That's a problem.

Investigating cross-border corruption is already hard and time-consuming, even with the current banking system and legal systems.

Monero will make it effectively impossible.

@lighthousehermit @federico3 I pointed it out to a Monero developer once, his response was the cliché of "can't protect everyone's privacy without protecting the bad guys' too".

Thing is, nobody will ever use Monero for coffee-or-laptop size transactions once the people who need to move huge amounts of currency across borders without those pesky financial disclosure forms jump on that bandwagon.

@rysiek @federico3 >Nobody will ever use Monero for coffee-or-laptop size transactions

You've just said the transactions are impossible to track, so how would anyone know?
And wouldn't the same argument apply to cash?
I agree with that cliche, here- it's true for e.g. the rest of the internet.

@lighthousehermit @federico3 we can tell nobody is using Monero for coffee and laptop buying because so far I have not seen any coffee or laptop vendors accepting Monero. That's pretty clear.

The same argument *does not* apply to cash - you can see why if you imagine moving, say, 200mln USD in cash across a border inconspicuously.

Create a privacy-preserving cryptocurrency that has a similar kind of friction gradient (friction rising with the transaction amount) as cash, and I'll be the first on-board.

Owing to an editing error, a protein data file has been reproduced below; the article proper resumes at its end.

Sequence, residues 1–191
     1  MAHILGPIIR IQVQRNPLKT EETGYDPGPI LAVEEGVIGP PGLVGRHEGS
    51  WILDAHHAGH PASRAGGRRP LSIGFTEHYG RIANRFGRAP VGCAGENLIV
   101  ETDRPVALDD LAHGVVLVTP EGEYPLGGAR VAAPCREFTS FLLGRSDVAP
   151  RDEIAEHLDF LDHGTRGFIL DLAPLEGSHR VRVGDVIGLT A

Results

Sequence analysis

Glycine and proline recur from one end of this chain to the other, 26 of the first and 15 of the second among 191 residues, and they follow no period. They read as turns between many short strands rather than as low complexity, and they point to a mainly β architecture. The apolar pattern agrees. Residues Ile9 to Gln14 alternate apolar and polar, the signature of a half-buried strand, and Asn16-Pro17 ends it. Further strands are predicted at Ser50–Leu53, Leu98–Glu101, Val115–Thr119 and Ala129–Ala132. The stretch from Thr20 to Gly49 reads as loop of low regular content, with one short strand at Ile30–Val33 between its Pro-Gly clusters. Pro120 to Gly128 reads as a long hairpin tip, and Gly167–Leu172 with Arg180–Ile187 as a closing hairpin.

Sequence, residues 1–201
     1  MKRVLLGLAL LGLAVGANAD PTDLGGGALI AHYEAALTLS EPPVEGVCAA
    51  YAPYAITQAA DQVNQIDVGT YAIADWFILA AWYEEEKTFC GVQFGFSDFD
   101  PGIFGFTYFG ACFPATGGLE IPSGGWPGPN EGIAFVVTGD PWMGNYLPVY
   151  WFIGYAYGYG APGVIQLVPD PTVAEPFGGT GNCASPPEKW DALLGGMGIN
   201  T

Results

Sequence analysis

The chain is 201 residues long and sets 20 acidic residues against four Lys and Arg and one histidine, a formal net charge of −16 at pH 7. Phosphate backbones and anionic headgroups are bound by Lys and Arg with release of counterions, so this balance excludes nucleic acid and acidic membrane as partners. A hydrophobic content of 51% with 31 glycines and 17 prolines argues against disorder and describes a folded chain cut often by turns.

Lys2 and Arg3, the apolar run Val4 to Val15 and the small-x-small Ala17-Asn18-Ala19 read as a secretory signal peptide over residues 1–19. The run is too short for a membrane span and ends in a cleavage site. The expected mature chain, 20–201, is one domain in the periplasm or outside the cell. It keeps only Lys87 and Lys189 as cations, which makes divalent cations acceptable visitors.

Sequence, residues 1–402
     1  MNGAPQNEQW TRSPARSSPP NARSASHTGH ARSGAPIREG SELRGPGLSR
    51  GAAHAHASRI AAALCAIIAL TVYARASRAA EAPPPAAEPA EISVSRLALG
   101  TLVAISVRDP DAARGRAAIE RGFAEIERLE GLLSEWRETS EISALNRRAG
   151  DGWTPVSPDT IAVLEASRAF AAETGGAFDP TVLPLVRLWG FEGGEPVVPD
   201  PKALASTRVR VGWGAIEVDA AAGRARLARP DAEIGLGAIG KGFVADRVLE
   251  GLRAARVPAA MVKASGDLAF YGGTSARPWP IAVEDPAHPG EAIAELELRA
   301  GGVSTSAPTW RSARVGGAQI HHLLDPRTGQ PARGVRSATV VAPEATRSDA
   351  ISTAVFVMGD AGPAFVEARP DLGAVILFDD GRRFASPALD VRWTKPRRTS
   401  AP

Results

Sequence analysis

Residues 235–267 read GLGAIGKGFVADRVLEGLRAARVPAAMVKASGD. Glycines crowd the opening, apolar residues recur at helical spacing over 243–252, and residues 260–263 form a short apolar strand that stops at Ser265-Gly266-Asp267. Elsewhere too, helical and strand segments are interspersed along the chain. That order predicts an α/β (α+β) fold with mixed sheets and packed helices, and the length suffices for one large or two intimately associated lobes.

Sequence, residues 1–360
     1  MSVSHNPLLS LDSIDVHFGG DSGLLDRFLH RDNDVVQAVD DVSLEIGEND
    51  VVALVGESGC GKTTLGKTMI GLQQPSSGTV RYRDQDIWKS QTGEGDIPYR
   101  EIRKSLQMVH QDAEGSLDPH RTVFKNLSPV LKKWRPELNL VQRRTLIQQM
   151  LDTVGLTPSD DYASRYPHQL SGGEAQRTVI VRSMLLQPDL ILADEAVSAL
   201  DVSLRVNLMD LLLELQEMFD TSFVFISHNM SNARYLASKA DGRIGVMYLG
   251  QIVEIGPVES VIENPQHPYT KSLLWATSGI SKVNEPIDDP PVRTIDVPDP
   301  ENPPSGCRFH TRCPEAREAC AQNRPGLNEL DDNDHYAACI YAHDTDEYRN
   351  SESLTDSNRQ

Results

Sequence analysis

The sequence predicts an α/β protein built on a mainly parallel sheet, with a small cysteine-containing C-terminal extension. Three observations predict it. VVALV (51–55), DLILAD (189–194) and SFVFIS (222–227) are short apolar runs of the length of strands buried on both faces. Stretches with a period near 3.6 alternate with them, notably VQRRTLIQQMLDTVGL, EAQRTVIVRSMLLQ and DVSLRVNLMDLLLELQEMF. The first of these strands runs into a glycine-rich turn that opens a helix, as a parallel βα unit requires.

@rysiek @federico3 No, I mean how would anyone find out Monero's being used for [specific illicit purpose] and be put off of using it if it's anonymous? Save for people speculating about it as here.

(Not that I doubt that it's being used for drugs etc., but how would people actually see that? Seems much more likely it'll be FUD'ed by newspapers on suspicion)

@lighthousehermit @federico3 I don't care about people using drugs, everyone can do their own thing as long as they don't hurt others.

The "hurting others" is where I have a problem with enabling high-rollers to evade financial transparency regulations. Money in large amounts is power, and power needs to be kept in check.

But we won't understand each other, so we might as well call it a day with this thread.

@rysiek @federico3 I understand your point of view. I'm just skeptical about how much the current system actually stops high rollers, and how much Monero would differentially benefit them vs. the little guy.

@lighthousehermit @federico3 well, the current system is bad and very difficult to work with, as far as investigating cross-border corruption etc. is concerned, but having worked for 5 years with people doing just that I know from personal experience that:

1. it is currently possible, even if hard, to shine some light on it; consider Panama Papers, Paradise Papers, and other similar investigative projects.

2. Monero will make it way, way harder, if adopted for such things.

@rysiek @federico3 Did the panama papers lead to anything happening? Any arrests? Any fines?